Colts Head Coach Jim Caldwell Discusses the Team's Quarterback Position
INDIANAPOLIS – Peyton Manning is still getting better.
Jim Caldwell, in his second season as the Colts' head coach, said there's little question that's true, and that it's very possible considering Manning's desire, attention to detail and ability, it could continue to be the case for some time.
That desire of Manning's has been discussed often.
But Caldwell said that doesn't mean it's not notable.
And he said that continued to be true this off-season, Manning's 13th as a professional.
"His state of readiness, in terms of what he requires of himself, is remarkable," Caldwell said recently in an interview for this story on the Colts' quarterbacks, part of a position-by-position series scheduled to run on Colts.com this month.
"He leaves no room for status quo. He's always trying to find a way to get better."
So far in his NFL career, Manning has done just that.
Manning, the No. 1 overall selection in the 1998 NFL Draft, has made 10 Pro Bowls in 12 seasons, was named AP NFL MVP in 2003-04 and 2008-09, and twice – in 2006 and last season – has quarterbacked Indianapolis to the Super Bowl.
He was the MVP of Super Bowl XLI following the 2006 season, and has won more regular-season games – 131 – than all but three quarterbacks in NFL history.
Manning, who never has missed an NFL start, has completed 4,232 of 6,531 passes for 50,128 yards and 366 touchdowns with 181 interceptions. But even with statistics approaching the NFL's all-time best players at his position, Caldwell said what's most notable about Manning – and what enables him to continue playing at a high level – isn't his past, but his approach to the present and future.
"Every single phase, he will look at them and he will critique them," Caldwell said. "He will take the problems he has found that he feels he can alleviate. Then, he attacks them with ferocity."
That, Caldwell said, is why at age 34, improvement continues to be the norm for Manning. He last season not only led the Colts to the Super Bowl and to victories in their first 14 regular-season games, he also completed 393 of 571 passes for 4,500 yards – the second-highest yardage total of his career – and 33 touchdowns with 16 interceptions.
He had 300 or more yards passing in nine of the 14 games in which he played the entire game, and late in the season, he became the first player to be named NFL MVP four times.
Caldwell said what separates Manning is not just the willingness to spend off-seasons examining himself and trying to find ways to improve, but being willing to be honest with himself and truly improve in areas that he believes need work.
"He has a very critical eye," Caldwell said. "He certainly looks at himself, and he's probably his biggest critic. But the amazing thing is, he finds a way to get better. He has had an unbelievable career thus far, but every year, he improves upon it."
The Colts for the first time since 2004 will enter the regular season without Jim Sorgi as the backup quarterback. Sorgi, the Colts' backup since 2004, became a free agent following last season and signed with the New York Giants as the backup to Peyton Manning's brother, Eli.
Caldwell said recently the backup entering training camp is Curtis Painter.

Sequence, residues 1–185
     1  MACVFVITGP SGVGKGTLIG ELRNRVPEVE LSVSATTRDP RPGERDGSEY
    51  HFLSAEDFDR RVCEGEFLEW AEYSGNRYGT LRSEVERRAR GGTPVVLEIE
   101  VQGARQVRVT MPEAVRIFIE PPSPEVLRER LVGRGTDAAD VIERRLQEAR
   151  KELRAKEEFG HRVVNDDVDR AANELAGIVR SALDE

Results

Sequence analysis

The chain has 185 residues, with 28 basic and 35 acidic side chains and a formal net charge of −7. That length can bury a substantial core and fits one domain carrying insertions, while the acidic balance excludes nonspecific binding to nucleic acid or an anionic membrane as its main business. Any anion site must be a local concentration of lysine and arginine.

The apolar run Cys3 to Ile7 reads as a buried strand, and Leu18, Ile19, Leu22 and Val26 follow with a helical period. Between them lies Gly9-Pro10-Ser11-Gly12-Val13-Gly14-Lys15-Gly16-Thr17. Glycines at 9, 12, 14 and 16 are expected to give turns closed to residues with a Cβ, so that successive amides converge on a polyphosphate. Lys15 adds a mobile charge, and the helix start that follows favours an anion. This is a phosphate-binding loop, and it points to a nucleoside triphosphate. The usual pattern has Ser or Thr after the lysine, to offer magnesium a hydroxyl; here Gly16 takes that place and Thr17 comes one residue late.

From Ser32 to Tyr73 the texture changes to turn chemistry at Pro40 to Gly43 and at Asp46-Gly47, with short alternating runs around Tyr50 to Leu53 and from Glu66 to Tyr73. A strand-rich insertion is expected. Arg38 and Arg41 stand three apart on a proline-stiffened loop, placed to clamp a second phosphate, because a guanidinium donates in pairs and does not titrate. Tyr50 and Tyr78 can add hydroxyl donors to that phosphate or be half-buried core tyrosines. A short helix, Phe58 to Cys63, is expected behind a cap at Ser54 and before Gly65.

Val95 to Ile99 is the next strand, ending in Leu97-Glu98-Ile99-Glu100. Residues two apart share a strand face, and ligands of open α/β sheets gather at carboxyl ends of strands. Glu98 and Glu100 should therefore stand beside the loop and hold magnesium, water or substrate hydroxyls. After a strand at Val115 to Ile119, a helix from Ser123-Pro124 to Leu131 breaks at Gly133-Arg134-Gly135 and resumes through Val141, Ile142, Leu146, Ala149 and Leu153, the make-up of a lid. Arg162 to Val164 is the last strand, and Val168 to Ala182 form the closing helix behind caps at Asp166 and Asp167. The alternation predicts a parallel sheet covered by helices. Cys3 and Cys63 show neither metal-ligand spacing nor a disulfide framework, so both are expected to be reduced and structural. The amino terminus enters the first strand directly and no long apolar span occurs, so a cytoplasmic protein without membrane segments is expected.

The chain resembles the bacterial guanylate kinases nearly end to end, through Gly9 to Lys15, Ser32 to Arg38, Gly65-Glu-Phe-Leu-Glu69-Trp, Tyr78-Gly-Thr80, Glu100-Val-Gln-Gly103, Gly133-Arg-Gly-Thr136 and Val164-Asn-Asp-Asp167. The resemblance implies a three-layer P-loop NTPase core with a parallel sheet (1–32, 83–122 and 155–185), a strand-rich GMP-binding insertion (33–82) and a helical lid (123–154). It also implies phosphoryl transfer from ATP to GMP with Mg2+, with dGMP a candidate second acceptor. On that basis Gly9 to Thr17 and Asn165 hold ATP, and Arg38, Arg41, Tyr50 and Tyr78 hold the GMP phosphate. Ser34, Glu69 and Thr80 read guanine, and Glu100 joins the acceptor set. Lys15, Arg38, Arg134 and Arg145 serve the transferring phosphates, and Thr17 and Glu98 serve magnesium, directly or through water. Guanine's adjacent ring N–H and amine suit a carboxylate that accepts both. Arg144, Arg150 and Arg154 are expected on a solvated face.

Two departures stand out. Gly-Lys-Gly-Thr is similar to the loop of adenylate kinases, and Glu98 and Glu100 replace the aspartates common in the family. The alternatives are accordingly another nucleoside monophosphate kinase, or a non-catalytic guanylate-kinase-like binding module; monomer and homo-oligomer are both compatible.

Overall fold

Painter, a sixth-round selection in the 2009 NFL Draft from Purdue University, played sparingly in the first 14 games of the season, playing extensively in the final two games when he completed 8 of 28 passes for 83 yards and no touchdowns with two interceptions.
"At this point, Curtis Painter is certainly backing up Peyton," Caldwell said. "He's certainly a guy we think has ability. He's making good progress, and with the young guys behind him, we'll see what happens."
The Colts late in the off-season acquired Tom Brandstater off waivers from the Broncos. Brandstater, a 2009 sixth-round draft choice by Denver, did not appear in a game for the Broncos last season. He started three seasons at Fresno State, completing 584 of 989 passes for 6,857 yards and 47 touchdowns with 32 interceptions.
"We have not had a great opunity to look at him other than seeing him on film in previous years, but we're certainly happy to have him," Caldwell said late in the team's recent organized team activities period, shortly after acquiring Brandstater. "He is a guy that has strength and size and is smart, so we threw him into some drill work and watched him from a mechanics standpoint. He looks like he has some potential. We're excited to take a real good look at him in the fall.
"He'll be in that playbook. (As a) matter of fact, when he first arrived, I stuck my head in one of the quarterback meeting rooms and he was in there with Painter and actually going over all the details, trying to learn as much as he could. That's the great thing about our guys, they share information, they work with one another and try to bring the new guys up to speed.
"That's certainly what will be going on with him in the next few weeks."
The Colts also have first-year veteran Drew Willy and rookie free-agent signee Tim Hiller on the roster.
"Hiller and Willy are two young guys who certainly have ability as well, so it's a great situation to have," Caldwell said. "Particularly through training camp and preseason, they (reserve quarterbacks) get a lot of playing time. It's an important time for us to get them ready and an important time for them to get their skills sharpened and honed in, to see how effective they can be.
"It's important to develop someone – more than one, actually. In this league, the development of your other quarterbacks behind Peyton is a priority."